| FREE VOTING COUPON
| in The Tribune and Times "Everybody Wins” Grand Prize Campaign jj
GOOD FOR 100 VOTES
j I hereby cast 100 FREE VOTES to the credit of—
\ M jj
j This coupon,-neatly clipped out, name and address of the candidate §
filled in, and mailed or delivered to the Election Department of The '
j Tribune and Times, Room 209 Cabarrus Bank Bldg., or P. O. Box jj
I 431, will count as 100 FREE VOTES. It does not cost anything to -
cast these coupons for your favorite candidate, and you are not re- j
stricted in any sense in voting them. Get all you can and send them in i
I | —they all count. Do not roll or fold. Deliver in flat packages. NOTE -
I | —This coupon must be voted on or before SEPTEMBER 12TH.
THE CONCORD DAILY TRIBUNE
110,000 EXPECTED TO ATTEND
GREAT SINGING CONVENTION
Greatest Convention in Atlanta’s His
tory Scheduled for October 9. 10
Atlanta, Ga„ Sept. 9.—Atlanta,
farmed throughout the nation as "The
Convention City of Dixie," will be host
to her largest convention in October,
■frhen the Southeastern Singing Con
vention meets here the 9th. 10th and
11th of that month, according to R. L.
Stuckey. Dalton. Ga„ president of the
association. More than 16,000 peo
ple from the six southeastern states
arc expected to attend the eonvention
and participate in its three days’ pro
gram of songs, it is stated.
Famous song leaders and composers
of chureh and Sunday sheool music
from all parts of the country arc ex
pected to be at the eonvention and
their presence will be a great drawing
card for lovers of community singing
throughout the southeast. Among the
world famous musicians who are ex
pected to be here are Charles H. Ga
briel. T. B. Mosley, C. R. Mullins.
John M. Dye, ,T. A. Lesley. J. X.
Rodeheaver, V. O. Stamps and McD.
Tiie first session of the eonvention
will be held on Friday. October 9th.
at the Southeastern fair grounds, at
Lakewood Park, and will be a spe
cial feat-ure of the Southeaster fair,
which will be open on the Bth. It
is expected that the attendance at the
fair that day will pass all previous
records as fair officials and railroad
officials are eo-operating with singing
convention committee to make this the
greatest convention in the city's his
tory. Special railroad rates are be
ing given by all roads leading into
Atlanta, and connecting lines ate co
operating so that every one who de
sires may attend the eonvention ot a
minimum of cost.
Sessions on Saturday and Sunday.
October 10th and 11th, will be heid
at the city auditorium. Special ses
sions will be held late Sunday after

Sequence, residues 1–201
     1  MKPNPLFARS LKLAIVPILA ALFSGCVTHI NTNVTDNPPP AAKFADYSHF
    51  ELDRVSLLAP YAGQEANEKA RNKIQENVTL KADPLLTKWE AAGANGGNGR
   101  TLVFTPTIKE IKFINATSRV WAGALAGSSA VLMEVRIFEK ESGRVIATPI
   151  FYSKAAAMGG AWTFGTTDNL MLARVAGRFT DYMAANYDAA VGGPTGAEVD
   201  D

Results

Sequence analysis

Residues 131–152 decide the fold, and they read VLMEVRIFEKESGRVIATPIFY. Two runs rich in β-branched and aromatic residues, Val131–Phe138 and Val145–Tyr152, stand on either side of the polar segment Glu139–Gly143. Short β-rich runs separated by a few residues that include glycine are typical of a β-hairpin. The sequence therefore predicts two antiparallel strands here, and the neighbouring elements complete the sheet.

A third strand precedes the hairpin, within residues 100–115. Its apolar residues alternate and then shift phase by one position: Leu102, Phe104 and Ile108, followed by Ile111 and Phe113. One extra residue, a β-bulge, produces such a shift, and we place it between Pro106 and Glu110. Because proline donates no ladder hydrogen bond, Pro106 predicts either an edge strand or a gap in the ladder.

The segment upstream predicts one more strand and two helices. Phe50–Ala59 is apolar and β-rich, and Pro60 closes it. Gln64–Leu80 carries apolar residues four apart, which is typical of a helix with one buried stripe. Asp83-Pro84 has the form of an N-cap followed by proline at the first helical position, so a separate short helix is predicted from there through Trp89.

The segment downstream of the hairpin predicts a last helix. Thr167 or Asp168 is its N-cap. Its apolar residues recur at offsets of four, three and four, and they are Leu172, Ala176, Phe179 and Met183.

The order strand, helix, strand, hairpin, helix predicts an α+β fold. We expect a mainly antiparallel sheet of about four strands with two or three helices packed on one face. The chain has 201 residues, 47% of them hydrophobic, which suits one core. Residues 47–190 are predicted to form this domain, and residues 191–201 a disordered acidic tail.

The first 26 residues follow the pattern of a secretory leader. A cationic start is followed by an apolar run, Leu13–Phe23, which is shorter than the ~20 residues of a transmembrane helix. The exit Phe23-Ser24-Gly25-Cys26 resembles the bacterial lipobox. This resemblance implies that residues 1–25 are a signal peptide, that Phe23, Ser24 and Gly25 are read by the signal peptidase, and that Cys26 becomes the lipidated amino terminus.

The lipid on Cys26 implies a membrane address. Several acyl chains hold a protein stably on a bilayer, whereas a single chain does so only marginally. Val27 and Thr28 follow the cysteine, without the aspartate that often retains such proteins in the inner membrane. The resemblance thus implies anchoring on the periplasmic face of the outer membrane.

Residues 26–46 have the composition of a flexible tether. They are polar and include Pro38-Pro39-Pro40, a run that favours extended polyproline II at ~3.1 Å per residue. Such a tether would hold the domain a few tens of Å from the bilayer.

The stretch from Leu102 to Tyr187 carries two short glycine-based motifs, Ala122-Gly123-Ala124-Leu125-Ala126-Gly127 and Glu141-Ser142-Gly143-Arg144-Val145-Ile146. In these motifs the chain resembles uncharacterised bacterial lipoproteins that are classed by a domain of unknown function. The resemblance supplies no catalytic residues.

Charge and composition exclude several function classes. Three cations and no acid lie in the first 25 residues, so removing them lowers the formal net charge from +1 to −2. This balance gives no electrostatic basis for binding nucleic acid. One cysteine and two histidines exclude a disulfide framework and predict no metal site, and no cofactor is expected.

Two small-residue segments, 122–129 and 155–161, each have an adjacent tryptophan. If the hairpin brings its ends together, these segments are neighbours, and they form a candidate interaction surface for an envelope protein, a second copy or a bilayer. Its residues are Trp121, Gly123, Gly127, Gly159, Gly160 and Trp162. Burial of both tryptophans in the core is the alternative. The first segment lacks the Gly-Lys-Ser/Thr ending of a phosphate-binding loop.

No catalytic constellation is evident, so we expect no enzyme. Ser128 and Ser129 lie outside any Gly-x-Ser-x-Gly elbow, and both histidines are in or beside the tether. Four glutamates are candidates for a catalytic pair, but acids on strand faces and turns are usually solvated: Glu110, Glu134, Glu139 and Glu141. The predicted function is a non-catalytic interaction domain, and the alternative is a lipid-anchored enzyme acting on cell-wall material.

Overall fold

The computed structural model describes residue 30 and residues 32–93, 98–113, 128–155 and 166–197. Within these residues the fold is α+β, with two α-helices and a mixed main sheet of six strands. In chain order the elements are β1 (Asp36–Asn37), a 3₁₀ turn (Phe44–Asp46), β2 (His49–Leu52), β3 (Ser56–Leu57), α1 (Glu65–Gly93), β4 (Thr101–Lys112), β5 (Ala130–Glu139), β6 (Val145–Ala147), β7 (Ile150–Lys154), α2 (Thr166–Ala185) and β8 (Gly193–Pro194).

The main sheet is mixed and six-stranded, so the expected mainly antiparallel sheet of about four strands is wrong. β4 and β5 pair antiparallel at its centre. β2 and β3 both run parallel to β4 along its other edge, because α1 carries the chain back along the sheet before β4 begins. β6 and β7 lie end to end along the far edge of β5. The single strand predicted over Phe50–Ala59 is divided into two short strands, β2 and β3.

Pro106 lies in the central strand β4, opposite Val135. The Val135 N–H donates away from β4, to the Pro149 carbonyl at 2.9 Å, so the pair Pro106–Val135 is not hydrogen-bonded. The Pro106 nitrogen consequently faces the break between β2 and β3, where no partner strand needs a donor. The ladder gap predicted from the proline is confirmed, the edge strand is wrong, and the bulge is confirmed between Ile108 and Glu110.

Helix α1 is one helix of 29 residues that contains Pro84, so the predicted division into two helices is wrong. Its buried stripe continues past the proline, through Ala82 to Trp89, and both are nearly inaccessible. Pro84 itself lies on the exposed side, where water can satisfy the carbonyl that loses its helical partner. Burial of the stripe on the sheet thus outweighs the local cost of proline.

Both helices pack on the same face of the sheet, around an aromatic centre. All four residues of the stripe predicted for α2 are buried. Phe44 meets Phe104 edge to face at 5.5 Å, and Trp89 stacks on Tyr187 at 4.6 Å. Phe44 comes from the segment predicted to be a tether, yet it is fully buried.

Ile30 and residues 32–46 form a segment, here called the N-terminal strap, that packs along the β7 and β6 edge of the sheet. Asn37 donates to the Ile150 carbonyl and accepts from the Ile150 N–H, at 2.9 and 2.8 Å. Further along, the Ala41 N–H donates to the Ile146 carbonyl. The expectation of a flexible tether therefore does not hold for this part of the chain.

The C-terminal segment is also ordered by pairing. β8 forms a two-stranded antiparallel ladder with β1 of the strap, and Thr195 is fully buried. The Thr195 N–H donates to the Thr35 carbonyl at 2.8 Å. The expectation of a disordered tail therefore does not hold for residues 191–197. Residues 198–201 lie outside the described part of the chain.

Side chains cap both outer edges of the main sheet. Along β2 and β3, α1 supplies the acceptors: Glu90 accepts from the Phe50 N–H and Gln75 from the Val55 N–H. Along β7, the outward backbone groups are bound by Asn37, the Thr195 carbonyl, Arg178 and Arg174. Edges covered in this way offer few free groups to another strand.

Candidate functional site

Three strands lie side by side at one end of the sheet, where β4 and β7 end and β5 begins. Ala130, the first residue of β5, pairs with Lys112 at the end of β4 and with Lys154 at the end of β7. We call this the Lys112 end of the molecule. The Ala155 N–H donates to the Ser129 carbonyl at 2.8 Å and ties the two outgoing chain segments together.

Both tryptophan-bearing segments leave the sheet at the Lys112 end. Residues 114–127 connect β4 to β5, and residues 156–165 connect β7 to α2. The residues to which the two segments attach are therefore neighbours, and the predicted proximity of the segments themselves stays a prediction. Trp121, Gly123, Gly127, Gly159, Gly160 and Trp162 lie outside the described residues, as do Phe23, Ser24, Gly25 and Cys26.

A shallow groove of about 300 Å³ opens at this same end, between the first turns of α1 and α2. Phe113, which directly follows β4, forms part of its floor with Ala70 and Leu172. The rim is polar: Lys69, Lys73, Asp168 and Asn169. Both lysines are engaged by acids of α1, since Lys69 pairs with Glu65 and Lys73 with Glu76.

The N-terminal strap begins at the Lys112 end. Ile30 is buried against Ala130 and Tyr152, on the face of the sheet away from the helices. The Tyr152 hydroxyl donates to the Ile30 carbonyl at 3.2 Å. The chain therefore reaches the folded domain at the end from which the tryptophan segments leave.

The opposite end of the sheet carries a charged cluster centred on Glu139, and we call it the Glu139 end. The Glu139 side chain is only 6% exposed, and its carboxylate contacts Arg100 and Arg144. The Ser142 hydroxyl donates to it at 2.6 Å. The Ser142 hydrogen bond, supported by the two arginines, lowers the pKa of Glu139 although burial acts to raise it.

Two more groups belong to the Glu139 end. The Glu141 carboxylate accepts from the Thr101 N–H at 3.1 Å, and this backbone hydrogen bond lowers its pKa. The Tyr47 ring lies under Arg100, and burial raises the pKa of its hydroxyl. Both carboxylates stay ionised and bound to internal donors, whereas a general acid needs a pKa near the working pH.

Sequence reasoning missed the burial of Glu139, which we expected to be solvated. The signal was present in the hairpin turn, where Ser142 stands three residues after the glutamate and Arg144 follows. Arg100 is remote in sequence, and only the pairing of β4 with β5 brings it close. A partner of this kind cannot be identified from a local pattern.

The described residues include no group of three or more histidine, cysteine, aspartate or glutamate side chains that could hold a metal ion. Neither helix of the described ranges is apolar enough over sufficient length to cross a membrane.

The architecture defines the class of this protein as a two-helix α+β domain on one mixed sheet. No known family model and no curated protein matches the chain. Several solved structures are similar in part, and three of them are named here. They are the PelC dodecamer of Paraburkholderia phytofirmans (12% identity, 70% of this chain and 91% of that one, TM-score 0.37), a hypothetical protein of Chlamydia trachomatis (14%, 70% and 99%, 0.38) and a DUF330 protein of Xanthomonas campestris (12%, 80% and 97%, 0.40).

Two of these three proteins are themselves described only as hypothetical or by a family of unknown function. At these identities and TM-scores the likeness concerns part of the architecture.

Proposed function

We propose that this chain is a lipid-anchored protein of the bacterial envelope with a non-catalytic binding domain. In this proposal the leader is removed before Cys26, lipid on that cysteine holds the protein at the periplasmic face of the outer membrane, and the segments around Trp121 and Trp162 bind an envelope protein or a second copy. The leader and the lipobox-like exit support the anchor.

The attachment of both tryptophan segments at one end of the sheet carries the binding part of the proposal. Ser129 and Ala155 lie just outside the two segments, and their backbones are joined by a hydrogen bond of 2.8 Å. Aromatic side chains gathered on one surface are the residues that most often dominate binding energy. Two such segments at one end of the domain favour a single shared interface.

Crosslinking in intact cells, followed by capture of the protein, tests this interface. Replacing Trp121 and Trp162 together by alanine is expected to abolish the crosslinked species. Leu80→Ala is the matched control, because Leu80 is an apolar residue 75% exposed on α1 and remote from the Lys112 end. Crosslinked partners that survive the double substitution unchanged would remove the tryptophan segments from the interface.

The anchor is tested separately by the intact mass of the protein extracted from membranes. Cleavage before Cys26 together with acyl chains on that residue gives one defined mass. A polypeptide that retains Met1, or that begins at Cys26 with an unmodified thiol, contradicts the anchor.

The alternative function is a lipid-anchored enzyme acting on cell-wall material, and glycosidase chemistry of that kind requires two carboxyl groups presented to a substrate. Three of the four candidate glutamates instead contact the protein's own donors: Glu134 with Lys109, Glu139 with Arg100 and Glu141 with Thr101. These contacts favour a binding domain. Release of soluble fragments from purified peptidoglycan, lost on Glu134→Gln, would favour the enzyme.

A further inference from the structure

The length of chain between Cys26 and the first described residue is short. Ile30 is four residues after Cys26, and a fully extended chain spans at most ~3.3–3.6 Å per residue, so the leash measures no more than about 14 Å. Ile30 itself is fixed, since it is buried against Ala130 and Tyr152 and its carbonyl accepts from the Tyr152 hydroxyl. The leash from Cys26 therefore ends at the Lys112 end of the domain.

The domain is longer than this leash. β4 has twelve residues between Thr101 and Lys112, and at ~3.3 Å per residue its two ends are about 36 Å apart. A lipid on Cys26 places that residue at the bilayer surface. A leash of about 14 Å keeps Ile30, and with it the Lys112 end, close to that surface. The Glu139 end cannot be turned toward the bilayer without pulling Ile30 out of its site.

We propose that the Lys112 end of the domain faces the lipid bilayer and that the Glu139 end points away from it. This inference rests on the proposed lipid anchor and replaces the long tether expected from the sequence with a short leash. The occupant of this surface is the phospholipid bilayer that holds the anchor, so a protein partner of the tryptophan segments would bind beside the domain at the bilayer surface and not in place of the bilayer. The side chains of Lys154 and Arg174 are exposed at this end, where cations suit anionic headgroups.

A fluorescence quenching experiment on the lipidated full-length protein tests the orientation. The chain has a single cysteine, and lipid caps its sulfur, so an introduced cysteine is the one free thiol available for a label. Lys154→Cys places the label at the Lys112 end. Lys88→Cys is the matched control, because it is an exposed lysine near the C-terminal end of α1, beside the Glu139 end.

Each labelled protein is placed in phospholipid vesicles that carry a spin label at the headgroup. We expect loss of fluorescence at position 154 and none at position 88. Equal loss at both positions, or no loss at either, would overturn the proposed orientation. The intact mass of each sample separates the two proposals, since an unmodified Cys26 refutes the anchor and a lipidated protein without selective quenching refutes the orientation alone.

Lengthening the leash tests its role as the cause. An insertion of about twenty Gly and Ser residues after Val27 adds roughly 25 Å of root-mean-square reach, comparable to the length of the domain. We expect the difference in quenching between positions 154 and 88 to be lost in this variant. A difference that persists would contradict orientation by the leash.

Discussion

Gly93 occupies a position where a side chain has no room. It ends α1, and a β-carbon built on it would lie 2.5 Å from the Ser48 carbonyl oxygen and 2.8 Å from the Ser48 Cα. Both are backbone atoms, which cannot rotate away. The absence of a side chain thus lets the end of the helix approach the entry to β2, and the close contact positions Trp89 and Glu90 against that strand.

noon and Sunday evening at the fair
grounds. City Organist Charles A.
Sheldon very probably will be the of
ficial organist for the convention ami
play the accompaniments to the songs
on the $50,000 pipe organ in the au
Mr. Stuckey is making a special ef
fort to have church choirs from all
the leading churches of the South at
tend tiie convention and contribute to
its success ns well as receive the bene
fits to be derived through contact with
the world's great leaders of church
and Sunday school music.
Committees of leading Atlantanß
headed by Charlie D. Tillman, H. M.
Stanley, Homer F. Morris and E. C.
Hudson, are working energetically to
complete plans for the reception and
entertainment of the great host that
will be in the city for the convention.
(Continued from Page One)
and E. N. Carr, Hickory. Chaplain,
Rev. It. E. Griffith, Winston-Salem;
’historian, Robert B. House. Raleigh
(re-elected) ; judge advocate, John
Bright Hill, Wilntington.
George F. Freeman, of Goldsboro,
told the convention that an act will
be introduced in the next, legislature
to preserve the reoormd of every serv
ice man from North Carolina. Colo
nel Freeman was reporting for the
Miss Annie Lee, of Monroe, was
unanimously re-elected state presi
dent of the Auxiliary. The election
came toward the close of the Auxili
ary convention. All elections were
unanimous, Mrs. John T. Lowe, of
Lexington, was re-elected vice presi
dent; Mrs. W. M. Morgan, of Fay
etteville, was elected second vice pres
ident; Mrs. J. K. Norfleet, of Wins
ton-Salem, was elected national execu
tive committeeman, with Mrs. Ed
ward W. Burt, of Salisbury, alter
nate ; Mrs. John Roy, of Raleigh,
chaplain, nnd Mrs. J. E. Holston, of
Southern Pines, historian.
English as Spoken.
Cleveland Plain Dealer.
Hiding behind me in a Fifth Ave
nue bus yesterday were two unusual
ly pretty girls. I looked around once